The Internet Archive has been saving gaming history for a while now. It's archived Amiga games (and apps), Macintosh stuff from the '80s (including Space Invaders) and a ton of other retro games you can play for free. Now the group has started collecting handheld games like Pac-Man, Donkey Kong and Space Jam while also making them available to play in your web browser via MAME emulation.
Announced Today: The @internetarchive is now emulating handheld toys and games, building on the work of the @mamedev_org team. These are not "remakes" but emulations of the original circuits. Announcement is here: https://t.co/yuKihutxVs spread the word widely. pic.twitter.com/fCjzNCMFBR— Jason Scott (@textfiles) March 18, 2018
Archivist Jason Scott explains the painstaking process of emulating these little plastic chunks of joy, explaining the technology behind making sure the various VFD, LCD and LED games are thoroughly scanned and emulated at a high level of verisimilitude.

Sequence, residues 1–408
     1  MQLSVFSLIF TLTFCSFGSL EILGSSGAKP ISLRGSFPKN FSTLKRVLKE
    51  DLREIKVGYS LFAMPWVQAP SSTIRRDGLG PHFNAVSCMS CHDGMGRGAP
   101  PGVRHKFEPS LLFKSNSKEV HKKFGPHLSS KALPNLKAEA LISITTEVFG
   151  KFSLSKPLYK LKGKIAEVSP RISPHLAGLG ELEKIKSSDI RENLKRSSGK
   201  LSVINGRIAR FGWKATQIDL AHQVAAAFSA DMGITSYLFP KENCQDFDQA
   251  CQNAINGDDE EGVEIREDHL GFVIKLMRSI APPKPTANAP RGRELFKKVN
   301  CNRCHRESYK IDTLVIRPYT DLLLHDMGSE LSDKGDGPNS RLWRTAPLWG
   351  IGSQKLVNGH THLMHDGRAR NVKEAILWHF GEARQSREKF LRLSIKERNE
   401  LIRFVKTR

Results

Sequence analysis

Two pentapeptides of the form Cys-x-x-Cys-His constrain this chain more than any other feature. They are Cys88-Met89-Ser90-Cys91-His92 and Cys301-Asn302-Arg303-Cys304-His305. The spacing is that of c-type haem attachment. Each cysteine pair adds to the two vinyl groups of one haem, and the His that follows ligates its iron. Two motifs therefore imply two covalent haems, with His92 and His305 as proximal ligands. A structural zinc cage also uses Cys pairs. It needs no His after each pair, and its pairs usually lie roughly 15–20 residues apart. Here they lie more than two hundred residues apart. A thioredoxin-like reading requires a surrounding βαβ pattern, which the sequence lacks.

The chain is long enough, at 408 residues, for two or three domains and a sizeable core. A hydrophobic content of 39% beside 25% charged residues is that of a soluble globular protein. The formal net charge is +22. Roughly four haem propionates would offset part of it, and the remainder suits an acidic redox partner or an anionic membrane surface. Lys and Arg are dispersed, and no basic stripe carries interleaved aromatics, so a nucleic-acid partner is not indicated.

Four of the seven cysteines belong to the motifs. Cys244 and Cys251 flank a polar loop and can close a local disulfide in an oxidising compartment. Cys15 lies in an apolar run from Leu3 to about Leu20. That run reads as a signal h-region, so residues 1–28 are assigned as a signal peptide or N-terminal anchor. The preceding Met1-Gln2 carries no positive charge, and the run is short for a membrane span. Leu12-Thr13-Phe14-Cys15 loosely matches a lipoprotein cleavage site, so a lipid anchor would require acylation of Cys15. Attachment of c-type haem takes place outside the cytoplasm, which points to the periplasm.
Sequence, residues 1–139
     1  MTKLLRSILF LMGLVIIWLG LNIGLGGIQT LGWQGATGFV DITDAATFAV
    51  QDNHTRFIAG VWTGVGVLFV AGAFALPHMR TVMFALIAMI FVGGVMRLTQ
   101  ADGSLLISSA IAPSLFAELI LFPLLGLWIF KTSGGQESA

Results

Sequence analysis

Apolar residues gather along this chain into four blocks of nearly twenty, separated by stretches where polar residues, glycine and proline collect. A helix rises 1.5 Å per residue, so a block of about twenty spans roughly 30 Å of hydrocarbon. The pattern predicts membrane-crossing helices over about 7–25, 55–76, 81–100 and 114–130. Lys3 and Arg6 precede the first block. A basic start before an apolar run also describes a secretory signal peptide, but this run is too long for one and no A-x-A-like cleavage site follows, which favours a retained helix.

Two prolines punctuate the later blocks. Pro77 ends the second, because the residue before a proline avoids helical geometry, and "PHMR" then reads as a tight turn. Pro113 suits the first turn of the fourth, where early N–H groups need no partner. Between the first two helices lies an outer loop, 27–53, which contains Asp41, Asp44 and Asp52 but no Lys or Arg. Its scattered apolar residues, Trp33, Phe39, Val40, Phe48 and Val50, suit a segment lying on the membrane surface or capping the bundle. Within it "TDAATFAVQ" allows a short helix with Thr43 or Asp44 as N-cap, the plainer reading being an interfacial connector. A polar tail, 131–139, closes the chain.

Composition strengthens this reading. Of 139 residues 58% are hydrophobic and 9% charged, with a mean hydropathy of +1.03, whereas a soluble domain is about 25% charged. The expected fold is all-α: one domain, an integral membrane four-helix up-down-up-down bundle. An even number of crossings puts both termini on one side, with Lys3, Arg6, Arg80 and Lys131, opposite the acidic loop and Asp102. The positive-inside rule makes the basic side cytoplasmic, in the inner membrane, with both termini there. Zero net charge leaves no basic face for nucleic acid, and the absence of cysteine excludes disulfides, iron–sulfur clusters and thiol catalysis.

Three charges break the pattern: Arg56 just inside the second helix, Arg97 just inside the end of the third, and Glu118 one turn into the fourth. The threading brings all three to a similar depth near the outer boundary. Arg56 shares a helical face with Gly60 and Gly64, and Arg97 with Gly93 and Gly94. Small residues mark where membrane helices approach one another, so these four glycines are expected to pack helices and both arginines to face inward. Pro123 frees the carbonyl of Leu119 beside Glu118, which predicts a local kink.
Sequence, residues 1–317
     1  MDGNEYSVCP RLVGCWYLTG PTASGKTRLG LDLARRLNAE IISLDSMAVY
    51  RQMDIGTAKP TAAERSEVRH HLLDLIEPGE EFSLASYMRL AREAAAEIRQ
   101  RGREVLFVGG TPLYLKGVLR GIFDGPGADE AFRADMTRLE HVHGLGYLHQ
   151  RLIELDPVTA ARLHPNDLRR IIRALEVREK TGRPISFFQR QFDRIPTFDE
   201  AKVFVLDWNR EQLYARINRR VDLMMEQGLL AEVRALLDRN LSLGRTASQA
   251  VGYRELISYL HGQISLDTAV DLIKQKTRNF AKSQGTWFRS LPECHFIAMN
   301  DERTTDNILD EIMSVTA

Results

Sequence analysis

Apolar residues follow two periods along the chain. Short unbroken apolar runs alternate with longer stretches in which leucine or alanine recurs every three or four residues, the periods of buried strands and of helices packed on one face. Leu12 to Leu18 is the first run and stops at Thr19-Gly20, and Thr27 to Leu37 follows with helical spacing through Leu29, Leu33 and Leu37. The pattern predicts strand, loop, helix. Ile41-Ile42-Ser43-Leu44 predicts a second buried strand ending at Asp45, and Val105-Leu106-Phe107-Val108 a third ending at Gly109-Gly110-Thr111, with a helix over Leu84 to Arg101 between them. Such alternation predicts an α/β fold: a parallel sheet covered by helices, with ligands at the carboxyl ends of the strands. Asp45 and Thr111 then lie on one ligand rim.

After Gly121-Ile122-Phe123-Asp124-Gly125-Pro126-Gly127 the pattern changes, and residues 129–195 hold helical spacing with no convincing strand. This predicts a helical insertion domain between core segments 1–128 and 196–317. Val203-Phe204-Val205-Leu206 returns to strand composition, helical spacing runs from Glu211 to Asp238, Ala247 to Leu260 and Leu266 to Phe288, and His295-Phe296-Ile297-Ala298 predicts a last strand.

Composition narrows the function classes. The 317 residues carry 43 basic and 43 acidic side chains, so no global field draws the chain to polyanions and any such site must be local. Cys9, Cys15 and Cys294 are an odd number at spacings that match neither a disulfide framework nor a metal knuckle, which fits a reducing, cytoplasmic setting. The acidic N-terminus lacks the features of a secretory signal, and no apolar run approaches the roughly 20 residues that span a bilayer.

Scott explains that while most circuit boards containing these games can be read from non-destructively, it can sometimes be necessary (as with LCD game machines) to rip the entire thing apart to get all the information off of it. "To get the information off an LCD game, it has to be pulled apart and all its components scanned, vectorized, and traced to then make them into a software version of themselves," writes Scott. "Among the information grabbed is the LCD display itself, which has a pre-formed set of images that do not overlap and represent every possible permutation of any visual data in the game."
Lest anyone wonder about their own favorite titles from the bygone era of LCD handheld gaming, Scott tweeted that more are on the way, as soon as he makes sure there aren't any major bugs for individual games.
Someone went "What about the LCD Sonic the Hedgehog" and boom. https://t.co/Sm3PyVbCoe - there are lots of these items I didn't put up because I wanted to step carefully in and find any major bugs. But as I can, I'll add more. pic.twitter.com/4dPMYEWRTo— Jason Scott (@textfiles) March 18, 2018